Prof Daniel Costa1, Dr. Louis Hucksadt1, Sarah Kienle1, Rachael Holser1
1University Of California, Santa Cruz, Santa Cruz, United States
Our understanding of species habitat utilization patterns is often limited to specific regions where we have limited data on species movement patterns. This is particularly problematic in cases when animal tracks are obtained from a single colony or a section of the species range, hindering our ability to fully understand the within-species variability in patterns of species habitat utilization from such limited information. Here, we examine the pitfalls of this approach using a suite of large tracking data sets collected over the entire species range for four pinniped species: northern and southern elephant seals, crabeater seals, and Weddell seals. We found that species that have very restricted diets, like crabeater seals, present the least amount of variability in their patterns of habitat utilization, whereas species like elephant seals and Weddell seals, with generalist diets, exhibit large individual and site-specific plasticity over a larger range of habitats. Our study highlights how variable the movement patterns of animals are within a species and highlights the importance of broad comparative studies of patterns of habitat utilization from across their species entire geographic range.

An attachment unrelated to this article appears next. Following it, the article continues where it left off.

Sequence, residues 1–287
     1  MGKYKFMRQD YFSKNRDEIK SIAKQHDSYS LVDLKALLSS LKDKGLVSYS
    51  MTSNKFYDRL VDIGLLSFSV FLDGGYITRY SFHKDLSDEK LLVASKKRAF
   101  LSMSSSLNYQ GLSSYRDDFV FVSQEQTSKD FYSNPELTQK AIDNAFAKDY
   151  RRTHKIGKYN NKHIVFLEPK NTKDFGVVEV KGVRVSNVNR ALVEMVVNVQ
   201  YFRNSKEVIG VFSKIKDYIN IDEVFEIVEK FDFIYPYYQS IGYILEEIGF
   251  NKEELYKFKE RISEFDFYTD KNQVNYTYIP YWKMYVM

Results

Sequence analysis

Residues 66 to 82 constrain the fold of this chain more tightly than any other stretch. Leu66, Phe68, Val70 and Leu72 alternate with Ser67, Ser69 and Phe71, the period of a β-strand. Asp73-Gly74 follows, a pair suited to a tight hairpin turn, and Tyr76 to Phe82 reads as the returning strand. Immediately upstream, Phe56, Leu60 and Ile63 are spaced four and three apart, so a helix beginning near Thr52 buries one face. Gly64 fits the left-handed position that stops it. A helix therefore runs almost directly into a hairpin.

Daniel Costa is a Distinguished Professor of Ecology and Evolutionary Biology at the University of California at Santa Cruz. He completed a B.A. at UCLA, a Ph.D. at U.C. Santa Cruz and a post doc at the Scripps Institution of Oceanography. His research focuses on the ecology and physiology of marine mammals and seabirds, taking him to every continent and almost every habitat from the Galapagos to Antarctica. He has worked with a broad range of animals including turtles, penguins’ albatross, seals, sea lions, sirenians, whales and dolphins and has published over 500 scientific papers. His current work is aimed at recording the movement and distribution patterns of marine mammals and seabirds in an effort to understand their habitat needs. This work is helping to identify biodiversity hotspots and the factors that create them. He has been developing tools to identify and create viable Marine Protected Areas for the conservation of highly migratory species. In addition his research is studying the response of marine mammals to underwater sounds and developing ways to assess whether the potential disturbance may result in a population consequence. With Barbara Block he co-founded the Tagging of Pacific Predators program, a multidisciplinary effort to study the movement patterns of 23 species of marine vertebrate predators in the North Pacific Ocean. He is an internationally recognized authority on tracking of marine mammals and birds.